Fresh mozzarella is a delicate, soft cheese with high moisture content. It comes in balls and packed in water or whey. (There is another mozzarella that’s hard and rubbery, but it comes from a factory. A sad topic.) Anyway, the kind we use has a buttery texture and light taste that make it a perfect companion for our pasta. It’s wonderful served right from the fridge, sliced to accompany a crusty bread and antipasti plate, or topping a salad with fresh tomatoes. This cow’s milk cheese will have you asking for moo-re.



Remember to roll your tongue when you say “Romano!” This is an ancient cheese, first created in the countryside around Rome over 2000 years ago. It was a favorite snack of Roman soldiers! Romano has a hearty, salty flavor that complements robust Italian fare, adding a distinctive note to sauces. Its sharpness increases with age, which is at least 5 months. While the texture allows for shaving, making it a great choice for sandwiches or salads, it’s especially suited to grating. Authentic Pecorino Romano, which is used in Parla products, is only from Italy and must be made from sheep’s milk, which is bolder than domestic Romano made from cow’s milk.



This straw colored “King of Cheeses” is a staple of Italian cooking. It is a hard, granular—“grana”— cheese that is wonderful to grate, crumble or shave. Aging is a requirement for quality Parmesan. The wonderful gritty-grainy texture in this cheese comes from things called cheese crystals, which are naturally-occuring and a valued characteristic of higher quality, aged cheeses. Parmesan imparts a satisfying umami flavor, making salads, soups, risottos, as well as pastas, more savory.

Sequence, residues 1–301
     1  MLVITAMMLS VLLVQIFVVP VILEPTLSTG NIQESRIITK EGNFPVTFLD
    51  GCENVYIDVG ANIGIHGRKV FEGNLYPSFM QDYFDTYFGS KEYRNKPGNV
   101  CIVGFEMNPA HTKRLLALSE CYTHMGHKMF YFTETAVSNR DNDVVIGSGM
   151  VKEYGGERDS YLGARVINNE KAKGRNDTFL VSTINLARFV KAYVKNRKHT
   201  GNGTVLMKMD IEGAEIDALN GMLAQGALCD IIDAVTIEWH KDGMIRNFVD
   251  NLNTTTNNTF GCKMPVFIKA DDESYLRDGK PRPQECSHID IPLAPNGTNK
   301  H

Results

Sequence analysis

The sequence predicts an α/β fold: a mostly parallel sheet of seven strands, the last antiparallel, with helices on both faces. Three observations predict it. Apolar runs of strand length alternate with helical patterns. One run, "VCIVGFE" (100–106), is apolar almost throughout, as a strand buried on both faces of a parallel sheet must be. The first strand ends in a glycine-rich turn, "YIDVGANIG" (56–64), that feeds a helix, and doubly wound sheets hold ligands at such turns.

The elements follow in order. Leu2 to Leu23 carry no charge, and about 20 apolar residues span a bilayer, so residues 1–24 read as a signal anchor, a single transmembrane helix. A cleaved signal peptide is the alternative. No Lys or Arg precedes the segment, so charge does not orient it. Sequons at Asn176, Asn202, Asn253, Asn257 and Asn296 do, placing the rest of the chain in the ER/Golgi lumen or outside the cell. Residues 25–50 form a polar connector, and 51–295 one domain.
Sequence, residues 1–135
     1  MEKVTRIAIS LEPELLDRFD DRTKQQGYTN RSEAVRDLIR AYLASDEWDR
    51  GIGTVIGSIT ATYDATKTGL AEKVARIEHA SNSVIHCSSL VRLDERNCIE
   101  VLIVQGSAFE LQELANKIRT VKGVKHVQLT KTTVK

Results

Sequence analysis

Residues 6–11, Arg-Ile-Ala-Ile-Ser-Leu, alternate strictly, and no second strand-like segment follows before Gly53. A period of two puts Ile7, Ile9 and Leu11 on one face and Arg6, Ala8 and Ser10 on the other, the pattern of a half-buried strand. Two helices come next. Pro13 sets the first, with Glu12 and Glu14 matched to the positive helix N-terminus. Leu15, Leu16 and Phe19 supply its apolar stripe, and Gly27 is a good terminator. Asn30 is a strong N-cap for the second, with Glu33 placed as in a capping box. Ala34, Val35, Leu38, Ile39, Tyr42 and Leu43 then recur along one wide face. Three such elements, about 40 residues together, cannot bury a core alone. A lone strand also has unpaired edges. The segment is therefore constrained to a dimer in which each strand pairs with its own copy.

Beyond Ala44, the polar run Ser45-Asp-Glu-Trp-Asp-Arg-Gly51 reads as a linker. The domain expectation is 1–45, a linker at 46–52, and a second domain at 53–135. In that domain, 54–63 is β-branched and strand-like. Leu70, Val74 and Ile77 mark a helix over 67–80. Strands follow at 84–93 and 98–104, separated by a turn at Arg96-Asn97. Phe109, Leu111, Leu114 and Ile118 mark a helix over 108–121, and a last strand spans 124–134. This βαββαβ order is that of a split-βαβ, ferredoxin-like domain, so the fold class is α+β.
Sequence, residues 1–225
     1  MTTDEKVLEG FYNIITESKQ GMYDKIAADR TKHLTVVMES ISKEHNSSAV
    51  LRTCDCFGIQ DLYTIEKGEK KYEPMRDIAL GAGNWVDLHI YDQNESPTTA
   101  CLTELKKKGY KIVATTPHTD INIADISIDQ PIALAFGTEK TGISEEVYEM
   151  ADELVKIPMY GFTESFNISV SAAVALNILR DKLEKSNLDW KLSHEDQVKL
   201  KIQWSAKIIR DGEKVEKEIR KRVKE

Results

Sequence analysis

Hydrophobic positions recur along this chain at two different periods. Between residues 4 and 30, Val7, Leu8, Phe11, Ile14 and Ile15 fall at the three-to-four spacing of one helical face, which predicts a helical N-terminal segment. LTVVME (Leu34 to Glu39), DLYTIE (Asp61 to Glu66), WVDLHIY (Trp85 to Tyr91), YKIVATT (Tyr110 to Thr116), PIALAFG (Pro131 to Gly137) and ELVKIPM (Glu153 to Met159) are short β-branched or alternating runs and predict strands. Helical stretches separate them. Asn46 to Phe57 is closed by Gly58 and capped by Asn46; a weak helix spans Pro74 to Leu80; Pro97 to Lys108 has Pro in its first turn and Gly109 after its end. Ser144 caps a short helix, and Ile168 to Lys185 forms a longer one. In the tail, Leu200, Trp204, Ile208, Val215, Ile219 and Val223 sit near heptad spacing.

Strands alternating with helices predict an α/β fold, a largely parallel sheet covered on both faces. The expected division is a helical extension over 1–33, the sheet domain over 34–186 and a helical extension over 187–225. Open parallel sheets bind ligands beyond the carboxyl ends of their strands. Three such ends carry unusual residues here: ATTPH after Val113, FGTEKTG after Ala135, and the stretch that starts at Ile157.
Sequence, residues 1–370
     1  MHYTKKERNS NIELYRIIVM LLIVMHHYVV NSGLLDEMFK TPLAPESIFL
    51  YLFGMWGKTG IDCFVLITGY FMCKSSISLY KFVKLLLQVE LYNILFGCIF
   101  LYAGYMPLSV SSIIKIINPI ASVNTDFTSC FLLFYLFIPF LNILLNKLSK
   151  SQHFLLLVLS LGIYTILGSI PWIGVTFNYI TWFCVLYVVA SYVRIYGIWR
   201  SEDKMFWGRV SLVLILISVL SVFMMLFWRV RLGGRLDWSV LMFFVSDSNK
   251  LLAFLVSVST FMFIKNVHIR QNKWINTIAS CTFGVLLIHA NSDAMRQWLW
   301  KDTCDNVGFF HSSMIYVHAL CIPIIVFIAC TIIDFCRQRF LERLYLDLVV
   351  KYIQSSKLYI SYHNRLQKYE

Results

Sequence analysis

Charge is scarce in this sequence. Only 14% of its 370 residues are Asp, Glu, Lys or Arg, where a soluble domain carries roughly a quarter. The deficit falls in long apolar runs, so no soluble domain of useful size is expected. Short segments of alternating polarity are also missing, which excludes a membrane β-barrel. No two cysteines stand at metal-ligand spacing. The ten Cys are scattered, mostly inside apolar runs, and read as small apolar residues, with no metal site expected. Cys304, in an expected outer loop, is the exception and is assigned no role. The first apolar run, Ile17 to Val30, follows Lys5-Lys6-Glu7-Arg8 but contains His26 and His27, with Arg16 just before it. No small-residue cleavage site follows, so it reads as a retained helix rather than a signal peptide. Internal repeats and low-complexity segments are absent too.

There’s nothing quite like creamy, delicate ricotta cheese. And when you’re wanting authentic Italian, it must be whole milk ricotta “Impastata.” This is truly one of those “differences you can taste” and once you do, you’ll have elevated your cheese credentials for sure. Though other cheeses could be used, ricotta is that wonderful fluffy white stuff layered into our lasagna. The softness is a perfect contrast to the firmness of the hand-chopped vegetables and meatiness of the, well, meat.


This is another cheese named after its place of origin, Asiago, in the Veneto region of northen Italy. Asiago’s designated and protected production region, or DOP, ranges from the meadows of the Po Valley upward to the Trentino Highlands. The cheese can range in texture from smooth when fresh (“pressato”) to crumbly for aged (“d’allevo”). The aged variety is perfect to grate over salads, into soups and, oh yes, atop a nice plate of Parla pasta! You can also thinly slice or shave Asiago for paninis or other sandwiches. It’s also a great partner to proscuitto and fruits, so consider it for your carcuterie platter or antipasto—“before the meal” in Italian.